Police agents leave the Barriere d’Italie to make their nightly rounds in a tough, sparsely settled district inhabited by thugs and cheap crooks. In this precinct the police are always careful to move in groups. Their leader is old Gevrol, an unimaginative, fearless inspector. About one hundred yards from Mother Chupin’s wine shop they hear some loud cries, and the whole party rushes forward over the rough ground. The house is closed up tight; only bands of light through the shutters give evidence of life within. One eager young officer climbs on a box to peer through the shutters, and his evident horror at what he sees causes the officers to hasten their attempt to break into the house.
At Gevrol’s order, two agents batter down the door. Inside on the mud floor are three bodies, two men dead and one wounded. Swaying on his feet is a stocky man with a revolver in his hand. On the stairs, a hysterical Mother Chupin hides her face in her apron. One agent seizes the man with the gun and disarms him, while another agent kneels beside the wounded victim, who is wearing a soldier’s uniform. Murmuring that he had received his just deserts, the man dies.
Gevrol diagnoses the affair as a drunken brawl and is pleased that the assumed murderer was so quickly caught. The young agent who had peered through the shutters, however, expresses doubts about the case. Gevrol patronizingly asks him if he suspects some mystery. When the young agent says yes, Gevrol tells him he can stay with the bodies until morning and investigate to his heart’s content.
The doctors leave the crime scene, and a police wagon takes away the accused murderer and Mother Chupin. The young agent stays at the scene with a stolid, seasoned companion, grizzled Father Absinthe. The young agent is Detective Lecoq, who had decided to join the police force after drifting from one job to another for several years. With Father Absinthe to help him, he eagerly looks around the house.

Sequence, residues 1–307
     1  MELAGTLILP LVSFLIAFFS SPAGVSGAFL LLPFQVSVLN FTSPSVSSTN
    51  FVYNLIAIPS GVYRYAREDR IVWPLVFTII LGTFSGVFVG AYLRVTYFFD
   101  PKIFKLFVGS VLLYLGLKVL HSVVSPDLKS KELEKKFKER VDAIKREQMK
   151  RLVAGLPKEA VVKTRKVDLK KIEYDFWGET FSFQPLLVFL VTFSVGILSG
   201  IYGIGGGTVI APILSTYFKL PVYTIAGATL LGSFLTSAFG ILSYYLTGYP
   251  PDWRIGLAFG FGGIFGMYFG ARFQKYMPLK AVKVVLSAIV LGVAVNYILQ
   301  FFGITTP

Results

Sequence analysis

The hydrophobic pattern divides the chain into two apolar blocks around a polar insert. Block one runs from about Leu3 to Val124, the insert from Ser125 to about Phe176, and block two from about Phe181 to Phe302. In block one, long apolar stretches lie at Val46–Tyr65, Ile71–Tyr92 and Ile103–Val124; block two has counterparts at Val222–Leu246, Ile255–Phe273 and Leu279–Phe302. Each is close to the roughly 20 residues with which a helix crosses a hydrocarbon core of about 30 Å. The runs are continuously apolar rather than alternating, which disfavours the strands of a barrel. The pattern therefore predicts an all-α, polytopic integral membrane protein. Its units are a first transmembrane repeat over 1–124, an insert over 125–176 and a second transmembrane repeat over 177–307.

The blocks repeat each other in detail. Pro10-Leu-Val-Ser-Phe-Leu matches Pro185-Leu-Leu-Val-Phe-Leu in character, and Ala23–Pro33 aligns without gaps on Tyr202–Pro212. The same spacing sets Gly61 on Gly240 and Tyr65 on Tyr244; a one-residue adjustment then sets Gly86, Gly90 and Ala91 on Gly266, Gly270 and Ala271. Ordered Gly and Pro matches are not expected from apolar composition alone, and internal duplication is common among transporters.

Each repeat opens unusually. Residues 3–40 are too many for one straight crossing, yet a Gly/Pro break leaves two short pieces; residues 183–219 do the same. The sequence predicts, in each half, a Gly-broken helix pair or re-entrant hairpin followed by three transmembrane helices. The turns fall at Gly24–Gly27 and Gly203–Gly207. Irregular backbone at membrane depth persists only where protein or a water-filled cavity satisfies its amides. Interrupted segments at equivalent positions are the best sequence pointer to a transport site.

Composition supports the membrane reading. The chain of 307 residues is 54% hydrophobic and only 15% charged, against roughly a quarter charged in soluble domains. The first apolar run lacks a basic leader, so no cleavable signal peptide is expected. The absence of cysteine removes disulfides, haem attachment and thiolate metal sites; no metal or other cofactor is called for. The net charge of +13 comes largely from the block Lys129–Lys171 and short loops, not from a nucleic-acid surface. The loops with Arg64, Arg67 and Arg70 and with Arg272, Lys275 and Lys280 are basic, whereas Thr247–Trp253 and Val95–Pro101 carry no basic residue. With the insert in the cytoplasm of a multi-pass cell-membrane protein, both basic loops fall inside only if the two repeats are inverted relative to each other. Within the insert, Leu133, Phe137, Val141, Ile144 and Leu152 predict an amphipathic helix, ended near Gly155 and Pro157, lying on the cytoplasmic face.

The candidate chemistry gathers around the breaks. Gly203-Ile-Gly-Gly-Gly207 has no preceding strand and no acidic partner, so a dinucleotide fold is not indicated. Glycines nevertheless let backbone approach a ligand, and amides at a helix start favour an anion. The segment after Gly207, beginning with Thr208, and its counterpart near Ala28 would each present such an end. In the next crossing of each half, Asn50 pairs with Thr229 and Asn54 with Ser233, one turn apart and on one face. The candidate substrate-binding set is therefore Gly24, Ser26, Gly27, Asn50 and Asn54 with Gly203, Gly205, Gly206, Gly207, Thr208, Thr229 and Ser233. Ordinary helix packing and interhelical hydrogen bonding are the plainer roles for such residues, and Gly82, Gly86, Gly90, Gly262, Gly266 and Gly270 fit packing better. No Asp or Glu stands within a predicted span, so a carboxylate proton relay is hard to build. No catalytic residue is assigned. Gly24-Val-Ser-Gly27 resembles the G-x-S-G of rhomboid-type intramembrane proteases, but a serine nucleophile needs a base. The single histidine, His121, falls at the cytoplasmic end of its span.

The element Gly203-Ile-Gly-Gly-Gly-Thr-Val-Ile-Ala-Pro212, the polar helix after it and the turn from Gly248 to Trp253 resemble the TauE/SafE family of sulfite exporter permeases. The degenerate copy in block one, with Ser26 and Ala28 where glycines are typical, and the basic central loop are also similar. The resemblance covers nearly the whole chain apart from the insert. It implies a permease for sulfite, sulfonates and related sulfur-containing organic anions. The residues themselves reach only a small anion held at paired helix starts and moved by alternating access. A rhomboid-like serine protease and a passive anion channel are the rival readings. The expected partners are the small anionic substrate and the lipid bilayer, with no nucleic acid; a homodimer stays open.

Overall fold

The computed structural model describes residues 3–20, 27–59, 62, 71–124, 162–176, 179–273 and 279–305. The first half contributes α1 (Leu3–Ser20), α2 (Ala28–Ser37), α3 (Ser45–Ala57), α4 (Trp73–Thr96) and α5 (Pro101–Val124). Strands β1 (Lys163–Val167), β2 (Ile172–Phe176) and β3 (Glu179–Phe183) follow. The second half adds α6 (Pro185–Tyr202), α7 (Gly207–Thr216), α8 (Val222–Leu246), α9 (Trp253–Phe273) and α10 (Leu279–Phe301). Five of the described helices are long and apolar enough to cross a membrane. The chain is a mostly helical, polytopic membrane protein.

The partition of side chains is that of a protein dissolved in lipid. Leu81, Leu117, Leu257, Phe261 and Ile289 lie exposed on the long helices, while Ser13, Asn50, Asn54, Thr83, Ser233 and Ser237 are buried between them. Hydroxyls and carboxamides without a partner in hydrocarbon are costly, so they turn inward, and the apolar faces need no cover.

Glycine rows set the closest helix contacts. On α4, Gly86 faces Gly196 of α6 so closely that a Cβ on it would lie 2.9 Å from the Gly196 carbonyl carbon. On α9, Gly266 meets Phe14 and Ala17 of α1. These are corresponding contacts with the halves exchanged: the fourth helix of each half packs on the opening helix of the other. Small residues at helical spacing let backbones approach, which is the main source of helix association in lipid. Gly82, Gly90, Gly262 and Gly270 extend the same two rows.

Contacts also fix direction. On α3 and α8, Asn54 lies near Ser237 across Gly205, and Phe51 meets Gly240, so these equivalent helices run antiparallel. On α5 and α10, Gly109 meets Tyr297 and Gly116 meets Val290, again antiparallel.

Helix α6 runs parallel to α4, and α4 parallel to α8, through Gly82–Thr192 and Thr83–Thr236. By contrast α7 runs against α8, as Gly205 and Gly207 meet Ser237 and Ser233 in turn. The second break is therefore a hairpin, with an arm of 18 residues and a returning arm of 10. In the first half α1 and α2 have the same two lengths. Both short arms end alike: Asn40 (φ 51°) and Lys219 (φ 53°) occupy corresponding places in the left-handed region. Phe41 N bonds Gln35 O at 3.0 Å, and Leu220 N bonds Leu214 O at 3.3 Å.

Lecoq’s first find is an earring, half buried in the mud on the floor. It is a diamond earring, jewelry too expensive to be found in Mother Chupin’s establishment. Encouraged, Lecoq goes outside. There is enough snow on the ground for him to reconstruct some of the happenings prior to the murders. Lecoq figured that two women, one young and one older, had visited the house, and that they had been running when they left. A man had met them outside the garden, leading them to a cab. Here the traces become lost.
Lecoq also remembers, however, what the murder suspect had said when he was captured: “Lost! It is the Prussians who are coming!” Only someone who knew Napoleonic history would have used that allusion. He evidently had been expecting someone to return and help him.
Lecoq presents his lucid report to the examining judge in the morning. Monsieur d’Escorval is greatly impressed with Lecoq’s report. Despite Gevrol’s insistence that the case is merely a wine shop brawl,...
(The entire section is 1224 words.)